The Similarities and Differences between Achilles and Odysseus

            If we use today"s definition of hero, the one who risks his life trying to save somebody, or always does something dangerous, or the one with big muscles and big body, then most of the Greek heroes would not fit this profile. Most of them were selfish, and anti-social. Webster"s definition of a hero is "In mythology and legend, a man or woman, often of divine ancestry, who is endowed with great courage and strength, celebrated for his or her bold exploits, and favored by the gods". Many adaptations have been made on the qualities a hero should have, but most of them share the same characteristics. This essay will try to make a comparison between Odysseus and Achilles, using for this purpose the heroic pattern found in Harris and Platzner text. Some of the characteristics don"t apply to any of these warriors, and some apply to only one of them.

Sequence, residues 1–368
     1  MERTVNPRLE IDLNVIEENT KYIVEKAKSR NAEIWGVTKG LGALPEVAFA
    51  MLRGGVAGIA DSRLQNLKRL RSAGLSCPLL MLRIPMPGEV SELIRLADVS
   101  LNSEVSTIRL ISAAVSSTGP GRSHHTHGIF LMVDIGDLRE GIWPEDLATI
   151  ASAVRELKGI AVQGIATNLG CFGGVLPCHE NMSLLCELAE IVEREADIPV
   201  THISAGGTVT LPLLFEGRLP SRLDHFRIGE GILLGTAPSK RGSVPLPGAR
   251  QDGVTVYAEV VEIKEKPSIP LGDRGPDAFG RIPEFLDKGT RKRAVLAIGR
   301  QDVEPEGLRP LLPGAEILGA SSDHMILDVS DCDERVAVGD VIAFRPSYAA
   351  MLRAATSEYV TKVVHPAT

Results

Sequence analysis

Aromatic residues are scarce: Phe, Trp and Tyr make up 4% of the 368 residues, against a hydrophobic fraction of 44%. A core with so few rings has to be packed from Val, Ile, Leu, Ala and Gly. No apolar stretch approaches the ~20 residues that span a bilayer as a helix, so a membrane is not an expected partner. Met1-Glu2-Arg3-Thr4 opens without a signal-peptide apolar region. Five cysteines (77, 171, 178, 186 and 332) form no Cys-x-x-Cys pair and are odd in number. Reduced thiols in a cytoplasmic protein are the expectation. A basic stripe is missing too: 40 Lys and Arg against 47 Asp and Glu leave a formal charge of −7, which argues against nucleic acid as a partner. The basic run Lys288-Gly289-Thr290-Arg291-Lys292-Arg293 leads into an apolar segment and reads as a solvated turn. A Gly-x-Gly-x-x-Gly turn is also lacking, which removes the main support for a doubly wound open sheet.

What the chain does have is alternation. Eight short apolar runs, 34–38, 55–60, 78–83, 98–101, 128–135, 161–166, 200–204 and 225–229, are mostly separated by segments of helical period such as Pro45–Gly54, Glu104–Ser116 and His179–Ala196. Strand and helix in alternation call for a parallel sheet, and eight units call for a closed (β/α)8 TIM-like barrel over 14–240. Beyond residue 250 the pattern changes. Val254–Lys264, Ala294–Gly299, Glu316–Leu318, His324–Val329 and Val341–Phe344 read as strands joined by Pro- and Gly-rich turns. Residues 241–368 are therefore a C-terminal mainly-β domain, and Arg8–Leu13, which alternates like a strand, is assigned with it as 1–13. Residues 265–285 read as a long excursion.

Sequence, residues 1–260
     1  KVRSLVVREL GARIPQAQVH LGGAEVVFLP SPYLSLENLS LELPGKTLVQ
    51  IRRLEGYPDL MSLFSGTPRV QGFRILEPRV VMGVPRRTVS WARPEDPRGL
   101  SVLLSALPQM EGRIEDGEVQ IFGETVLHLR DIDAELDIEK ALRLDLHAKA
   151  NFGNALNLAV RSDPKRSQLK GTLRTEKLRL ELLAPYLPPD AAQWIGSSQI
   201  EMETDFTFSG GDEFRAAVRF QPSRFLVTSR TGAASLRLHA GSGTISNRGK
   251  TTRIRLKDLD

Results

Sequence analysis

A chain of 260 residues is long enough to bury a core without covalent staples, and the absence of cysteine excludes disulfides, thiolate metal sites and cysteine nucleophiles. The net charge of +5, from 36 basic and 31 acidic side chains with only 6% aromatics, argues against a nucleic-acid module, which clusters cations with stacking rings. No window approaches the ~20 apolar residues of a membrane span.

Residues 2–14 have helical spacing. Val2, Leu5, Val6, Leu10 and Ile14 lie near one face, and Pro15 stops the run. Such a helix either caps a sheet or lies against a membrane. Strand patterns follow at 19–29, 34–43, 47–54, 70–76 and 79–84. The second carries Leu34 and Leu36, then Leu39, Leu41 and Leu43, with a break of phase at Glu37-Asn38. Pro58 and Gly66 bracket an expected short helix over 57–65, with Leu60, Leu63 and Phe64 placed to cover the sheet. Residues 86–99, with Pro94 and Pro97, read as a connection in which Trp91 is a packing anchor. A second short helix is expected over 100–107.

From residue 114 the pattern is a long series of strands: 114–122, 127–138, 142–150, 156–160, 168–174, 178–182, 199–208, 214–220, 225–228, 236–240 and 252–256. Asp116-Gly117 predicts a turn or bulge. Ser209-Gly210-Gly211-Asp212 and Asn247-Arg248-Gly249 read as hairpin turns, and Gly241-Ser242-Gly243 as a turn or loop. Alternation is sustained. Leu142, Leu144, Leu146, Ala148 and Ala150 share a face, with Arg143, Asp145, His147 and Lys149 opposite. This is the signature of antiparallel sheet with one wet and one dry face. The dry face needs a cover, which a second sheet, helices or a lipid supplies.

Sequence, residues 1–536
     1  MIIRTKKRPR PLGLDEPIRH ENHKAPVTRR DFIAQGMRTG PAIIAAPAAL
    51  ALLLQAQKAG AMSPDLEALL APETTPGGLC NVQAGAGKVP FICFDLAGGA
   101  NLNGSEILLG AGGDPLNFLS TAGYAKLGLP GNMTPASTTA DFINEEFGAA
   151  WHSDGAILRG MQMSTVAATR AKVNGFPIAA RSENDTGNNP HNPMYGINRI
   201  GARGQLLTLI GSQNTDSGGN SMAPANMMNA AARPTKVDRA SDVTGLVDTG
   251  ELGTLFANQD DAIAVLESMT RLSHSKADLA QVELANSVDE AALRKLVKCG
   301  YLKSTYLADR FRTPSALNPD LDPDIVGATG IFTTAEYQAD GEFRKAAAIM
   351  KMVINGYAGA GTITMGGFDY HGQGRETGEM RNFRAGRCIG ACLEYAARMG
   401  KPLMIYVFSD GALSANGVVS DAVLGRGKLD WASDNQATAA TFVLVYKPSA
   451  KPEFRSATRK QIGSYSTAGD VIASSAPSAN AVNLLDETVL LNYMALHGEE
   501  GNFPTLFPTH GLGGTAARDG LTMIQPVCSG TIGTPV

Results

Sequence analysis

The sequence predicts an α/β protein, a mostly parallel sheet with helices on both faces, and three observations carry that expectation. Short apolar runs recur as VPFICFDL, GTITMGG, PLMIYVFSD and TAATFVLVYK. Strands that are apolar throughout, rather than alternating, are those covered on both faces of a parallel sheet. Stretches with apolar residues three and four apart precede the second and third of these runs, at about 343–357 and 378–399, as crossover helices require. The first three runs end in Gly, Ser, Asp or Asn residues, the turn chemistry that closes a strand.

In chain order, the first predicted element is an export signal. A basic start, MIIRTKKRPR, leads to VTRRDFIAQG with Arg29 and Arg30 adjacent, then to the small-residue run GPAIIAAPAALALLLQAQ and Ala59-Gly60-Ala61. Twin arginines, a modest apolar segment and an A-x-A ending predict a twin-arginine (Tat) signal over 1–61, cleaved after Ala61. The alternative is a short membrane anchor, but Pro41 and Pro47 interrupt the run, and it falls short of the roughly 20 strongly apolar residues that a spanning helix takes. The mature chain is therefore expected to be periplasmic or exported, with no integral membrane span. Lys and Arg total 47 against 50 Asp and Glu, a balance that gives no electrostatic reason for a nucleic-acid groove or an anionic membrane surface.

Odysseus was the son of Laertes and Anticlea, his father Laertes was king of Ithaca. Anticlea, his mother, was daughter of Autolycus. Achilles was the son of Peleus, the king of the Myrmidons of Thessaly, and his mother was the goddess Thetis, a Nereid. In both cases the fathers are rulers, both are kings, but it is not told whether either of the women was a virgin.

             Odysseus birth is disputed, some traditions tell that his mother Anticlea, was seduced by Sisyphus, king of Corinth, and that later she married Laertes, other sources tell that he was son of Laertes. Achilles conception is also unusual because he was the son of a sea nymph, which usually these are just spiritual representations of nature.

             Achilles" mother bathed him on the river Styx to make him invincible, only leaving the heel vulnerable. This is opposite to the point that states that usually at birth an attempt is made to kill him. Instead of killing him, his mother gives him invulnerability. Peleus gave Achilles to the centaur Chiron who took care of him and many others future heroes.

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